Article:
Durham-based drug development firm BioCryst to cut 38 jobs
The Durham-based drug development company BioCryst Pharmaceuticals Inc. announced Friday that it will be cutting 38 positions, or about half of its workforce, as part of a restructuring.
The announcement follows the termination of a merger agreement and related financing deal between BioCryst and San Francisco-based Presidio Pharmaceuticals, as well as a series of drug development setbacks for the Durham-based company.
BioCryst Pharmaceuticals announced Nov. 7 that it was suspending enrollment in Phase 3 clinical trials for an influenza treatment candidate called peramivir. The analysis of the trial data collected so far isn’t complete, said Robert Bennett, a spokesman for the company.
On Oct. 30, the company announced it was withdrawing its new drug application for its hepatitis C treatment candidate, BCX5191, although the company planned to conduct additional pre-clinical studies. Bennett said preclinical work is ongoing.
In addition, the company announced last month that Phase 1 trials for BCX4161 as a treatment for hereditary angioedema would be delayed by an estimated three months as a result of a change in U.S. Food and Drug Administration standards for the drug products it was planning to use in the studies.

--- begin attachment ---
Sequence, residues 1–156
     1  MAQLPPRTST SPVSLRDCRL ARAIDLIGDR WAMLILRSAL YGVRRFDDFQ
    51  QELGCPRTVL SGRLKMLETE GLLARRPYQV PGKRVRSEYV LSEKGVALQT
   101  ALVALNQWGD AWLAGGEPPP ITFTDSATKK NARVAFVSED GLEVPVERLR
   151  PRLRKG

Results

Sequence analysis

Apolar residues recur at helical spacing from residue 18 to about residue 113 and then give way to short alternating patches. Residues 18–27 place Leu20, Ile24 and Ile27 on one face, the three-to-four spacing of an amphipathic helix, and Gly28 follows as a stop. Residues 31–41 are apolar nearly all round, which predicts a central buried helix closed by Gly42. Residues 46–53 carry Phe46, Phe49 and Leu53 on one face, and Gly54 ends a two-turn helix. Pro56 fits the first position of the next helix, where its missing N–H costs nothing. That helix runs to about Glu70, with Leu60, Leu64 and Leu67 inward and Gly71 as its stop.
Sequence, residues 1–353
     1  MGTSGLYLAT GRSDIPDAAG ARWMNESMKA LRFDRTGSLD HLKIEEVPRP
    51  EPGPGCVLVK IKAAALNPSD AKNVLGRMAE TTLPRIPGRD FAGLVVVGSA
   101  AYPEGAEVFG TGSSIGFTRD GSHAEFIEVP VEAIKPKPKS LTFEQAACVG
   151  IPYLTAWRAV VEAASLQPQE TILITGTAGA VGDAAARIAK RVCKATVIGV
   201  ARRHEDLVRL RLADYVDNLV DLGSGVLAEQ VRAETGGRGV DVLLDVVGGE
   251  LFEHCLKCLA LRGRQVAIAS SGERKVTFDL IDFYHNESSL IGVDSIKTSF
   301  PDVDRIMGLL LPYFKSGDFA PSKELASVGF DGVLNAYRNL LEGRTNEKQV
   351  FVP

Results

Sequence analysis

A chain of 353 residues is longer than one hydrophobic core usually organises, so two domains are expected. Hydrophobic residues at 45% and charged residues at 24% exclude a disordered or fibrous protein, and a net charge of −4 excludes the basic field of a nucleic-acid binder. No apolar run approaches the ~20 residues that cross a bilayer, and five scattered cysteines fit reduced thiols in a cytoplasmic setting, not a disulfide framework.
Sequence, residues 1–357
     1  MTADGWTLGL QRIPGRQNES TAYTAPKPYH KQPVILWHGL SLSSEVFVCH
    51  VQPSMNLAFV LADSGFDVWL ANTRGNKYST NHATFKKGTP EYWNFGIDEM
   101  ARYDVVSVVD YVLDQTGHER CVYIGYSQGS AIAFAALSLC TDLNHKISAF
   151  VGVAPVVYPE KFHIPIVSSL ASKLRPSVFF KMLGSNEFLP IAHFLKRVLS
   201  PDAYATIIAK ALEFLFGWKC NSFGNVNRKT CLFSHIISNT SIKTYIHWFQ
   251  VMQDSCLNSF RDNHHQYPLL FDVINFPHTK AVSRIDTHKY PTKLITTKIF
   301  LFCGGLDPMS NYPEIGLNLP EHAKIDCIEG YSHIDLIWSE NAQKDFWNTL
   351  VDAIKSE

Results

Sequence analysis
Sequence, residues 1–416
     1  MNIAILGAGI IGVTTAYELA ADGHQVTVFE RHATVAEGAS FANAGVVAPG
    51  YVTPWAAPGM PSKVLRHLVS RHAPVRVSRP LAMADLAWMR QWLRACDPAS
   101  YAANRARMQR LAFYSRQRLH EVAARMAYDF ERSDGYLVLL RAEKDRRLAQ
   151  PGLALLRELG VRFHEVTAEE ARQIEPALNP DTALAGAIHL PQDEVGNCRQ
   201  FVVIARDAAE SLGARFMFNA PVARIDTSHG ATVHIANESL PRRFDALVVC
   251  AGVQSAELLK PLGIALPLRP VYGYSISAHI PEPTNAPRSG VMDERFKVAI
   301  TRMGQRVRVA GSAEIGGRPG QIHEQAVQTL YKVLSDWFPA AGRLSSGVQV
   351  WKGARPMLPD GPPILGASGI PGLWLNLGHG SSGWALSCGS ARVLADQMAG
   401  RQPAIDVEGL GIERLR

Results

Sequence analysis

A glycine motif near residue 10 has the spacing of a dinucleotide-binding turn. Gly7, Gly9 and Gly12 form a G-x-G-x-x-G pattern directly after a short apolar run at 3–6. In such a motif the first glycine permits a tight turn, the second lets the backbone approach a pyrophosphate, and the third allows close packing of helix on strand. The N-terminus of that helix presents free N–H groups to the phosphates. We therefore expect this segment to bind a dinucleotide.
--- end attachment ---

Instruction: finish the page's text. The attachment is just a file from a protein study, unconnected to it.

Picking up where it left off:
“We need to make adjustments, and should be able to go forward in a few months,” Bennett said.
The restructuring announced Friday is meant to “significantly reduce” the company’s cost structure and to scale the organization appropriately for its current portfolio of drug candidates, according to a news release.
BioCryst plans to direct cash and other resources primarily to allow it to hit near-term milestones for its hereditary angioedema candidate, BCX4161 HAE, as well as for its BCX4430 broad spectrum antiviral, which the company has evaluated as a yellow fever virus treatment, and for its BCX5191 hepatitis C candidate.
“The strategic focus and restructuring announced today is based on an evaluation of our programs and operations, following the setbacks in our peramivir and BCX5191 programs, as well as the delay in our BCX4161 program,” said Jon Stonehouse, president and CEO of BioCryst, in a statement.
The company’s corporate restructuring includes a reduction of about half of the company's head count, or 38 positions.
Bennett said the restructuring will affect 20 workers in Durham, where the company has administrative, clinical, and regulatory operations.
In Birmingham, Ala., where the company has drug discovery and development operations, there are 18 workers affected.
“We didn’t really eliminate specific functions; we’ve pretty much narrowed just about everything,” Bennett said.
They company said in the release that it expects to see a cash savings of $15 million to $18 million next year, excluding restructuring and deal charges, as compared to an approximate $40 million cash use expected in 2012.
“The restructuring is a necessary but difficult measure that impacts many talented and dedicated BioCryst employees who will be leaving the company,” Stonehouse said. “We are grateful for their meaningful contributions and commitment over the years.”